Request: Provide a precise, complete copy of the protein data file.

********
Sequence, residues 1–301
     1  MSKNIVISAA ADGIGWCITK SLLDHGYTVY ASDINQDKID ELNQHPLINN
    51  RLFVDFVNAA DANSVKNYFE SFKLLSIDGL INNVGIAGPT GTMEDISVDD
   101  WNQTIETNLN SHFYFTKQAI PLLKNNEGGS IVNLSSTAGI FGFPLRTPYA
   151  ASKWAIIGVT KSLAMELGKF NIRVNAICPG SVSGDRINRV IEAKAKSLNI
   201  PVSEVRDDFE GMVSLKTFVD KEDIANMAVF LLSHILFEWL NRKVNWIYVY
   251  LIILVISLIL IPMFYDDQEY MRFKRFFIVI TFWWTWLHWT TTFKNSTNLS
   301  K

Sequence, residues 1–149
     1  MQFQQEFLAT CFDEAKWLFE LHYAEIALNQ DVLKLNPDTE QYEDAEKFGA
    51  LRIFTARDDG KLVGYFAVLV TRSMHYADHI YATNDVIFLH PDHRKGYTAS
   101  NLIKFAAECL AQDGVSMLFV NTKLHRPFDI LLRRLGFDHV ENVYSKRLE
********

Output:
Sequence, residues 1–301
     1  MSKNIVISAA ADGIGWCITK SLLDHGYTVY ASDINQDKID ELNQHPLINN
    51  RLFVDFVNAA DANSVKNYFE SFKLLSIDGL INNVGIAGPT GTMEDISVDD
   101  WNQTIETNLN SHFYFTKQAI PLLKNNEGGS IVNLSSTAGI FGFPLRTPYA
   151  ASKWAIIGVT KSLAMELGKF NIRVNAICPG SVSGDRINRV IEAKAKSLNI
   201  PVSEVRDDFE GMVSLKTFVD KEDIANMAVF LLSHILFEWL NRKVNWIYVY
   251  LIILVISLIL IPMFYDDQEY MRFKRFFIVI TFWWTWLHWT TTFKNSTNLS
   301  K

Sequence, residues 1–149
     1  MQFQQEFLAT CFDEAKWLFE LHYAEIALNQ DVLKLNPDTE QYEDAEKFGA
    51  LRIFTARDDG KLVGYFAVLV TRSMHYADHI YATNDVIFLH PDHRKGYTAS
   101  NLIKFAAECL AQDGVSMLFV NTKLHRPFDI LLRRLGFDHV ENVYSKRLE